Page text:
1. Kenny and Duke must register this business name. According to the Business Names Act, 2002, the legislation states that it is compulsory to register a business name where a person, including a company, wishes to use a name other than their own.
2. To register a business name, the owner or owners must submit an application form and pay the prescribed fees to the appropriate government agency. In New South Wales, it is called the Office of Fair Trading.
3. There are certain requirements to the display and use of a business name. The business name must be displayed at each place where the business is carried on under the business name. The owner of the business name must notify the consumer affairs agency, such as the Office of Fair Trading in New South Wales, of any changes in ownership, addresses and so on. Failure to do so may result in penalties and cancellation of registration.
4. Kenny and Duke do not have a copyright in their business name yet until they register their business name under the registration of trademarks. They can first search the Register of Trade Marks before registering their business name, to check that the name has not been registered by someone else as a trade mark. Once they have registered their business name as a trademark, then they will have exclusive rights to use or control the mark.
5. Kenny and Duke must also obtain an Australian Business Number (ABN). Following the introduction of the GST in 2000, all businesses in Australia should have an Australian Business Number or they may be liable for the withholding of 48.5% on payments.
1. The issue in this situation is whether Food Hall is a holder in due course under the Cheques Act 1986. In Section 22 of the Cheques Act 1986, bearer cheques are defined to be payable either to the party named as payee, in this situation, M Mouse, or to any person, who is the holder or ‘bearer’ of the cheque, who presents the cheque at the bank or financial institution. The Act defines ‘bearer’ as the person in possession of the cheque. According to the Nemo dat rule, it states that a person cannot pass on a title which that person does not possess. In other words, the Nemo dat rule says that when a property is transferred, the transferee cannot acquire a better title to it than the transferor had. In this situation, Melanie Moose, who stole the cheque from Mickey Mouse, holds no title, and when Melanie Moose transfers the cheque to ‘Food Hall’, the manager of ‘Food Hall’ does not hold any title as well, or in other words, holds the same title as Melanie Moose. But the exception to the Nemo dat rule is the holder in due course. When the manager of ‘Food Hall’ receives the cheque from Melanie Moose and takes it to the bank, the manager is the holder in due course and therefore has good title even though it was taken from a thief. It is defined in Section 50 that a holder in due course is a holder to whom a cheque is negotiated where, at the time of negotiation, the cheque * Is complete and regular on the face of it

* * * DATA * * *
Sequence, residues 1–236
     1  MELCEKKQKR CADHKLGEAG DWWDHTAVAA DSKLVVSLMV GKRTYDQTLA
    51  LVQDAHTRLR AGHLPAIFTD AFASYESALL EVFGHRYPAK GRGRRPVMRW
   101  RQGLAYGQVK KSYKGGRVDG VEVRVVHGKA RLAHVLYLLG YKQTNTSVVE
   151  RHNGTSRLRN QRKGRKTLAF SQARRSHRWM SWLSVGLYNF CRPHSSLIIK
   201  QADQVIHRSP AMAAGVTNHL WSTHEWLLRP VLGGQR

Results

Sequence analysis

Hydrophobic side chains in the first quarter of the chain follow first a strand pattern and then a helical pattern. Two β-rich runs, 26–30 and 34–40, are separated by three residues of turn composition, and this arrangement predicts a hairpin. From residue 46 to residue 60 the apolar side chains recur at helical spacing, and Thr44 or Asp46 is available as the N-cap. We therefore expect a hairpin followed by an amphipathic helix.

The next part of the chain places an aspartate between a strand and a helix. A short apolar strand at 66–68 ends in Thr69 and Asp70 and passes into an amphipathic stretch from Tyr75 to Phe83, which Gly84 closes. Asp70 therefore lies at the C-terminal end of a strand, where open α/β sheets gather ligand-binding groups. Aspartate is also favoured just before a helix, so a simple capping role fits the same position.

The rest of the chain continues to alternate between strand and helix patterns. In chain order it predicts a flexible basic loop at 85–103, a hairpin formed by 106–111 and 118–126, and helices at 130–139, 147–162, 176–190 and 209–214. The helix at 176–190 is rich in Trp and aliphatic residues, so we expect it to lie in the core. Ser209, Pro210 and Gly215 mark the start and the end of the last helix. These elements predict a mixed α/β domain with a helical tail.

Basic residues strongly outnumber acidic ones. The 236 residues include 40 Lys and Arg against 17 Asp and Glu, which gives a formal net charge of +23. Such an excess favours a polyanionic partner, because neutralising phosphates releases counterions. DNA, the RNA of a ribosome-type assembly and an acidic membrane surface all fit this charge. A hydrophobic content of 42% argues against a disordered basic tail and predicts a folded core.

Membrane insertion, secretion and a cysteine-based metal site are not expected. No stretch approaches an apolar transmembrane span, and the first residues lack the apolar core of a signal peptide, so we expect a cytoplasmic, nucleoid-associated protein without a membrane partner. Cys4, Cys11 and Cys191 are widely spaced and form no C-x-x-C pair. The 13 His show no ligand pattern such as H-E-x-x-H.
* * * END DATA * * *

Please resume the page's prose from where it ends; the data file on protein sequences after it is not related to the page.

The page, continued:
* Is not stale
* Does not contain a “not negotiable” crossing.
The holder must have also taken the cheque in good faith, for value and without notice of any dishonour of the cheque or defect in the transferor’s title. In this case, the manager of ‘Food Hall’ receives the cheque from Melanie Moose for giving her $100 cash and $400 worth of groceries and therefore holds good title. When the bank refuses to pay ‘Food Hall’, the manager can sue Melanie Moose for the amount of the cheque, because the holder in due course deserves the payment for the cash and the groceries that they have given to Melanie Moose regardless of what happened before the cheque was negotiated. Under Section 50(1) (b), ‘Food Hall’ must prove that they had received the cheque in good faith, for value and without notice of any dishonour or defect from the title from Melanie...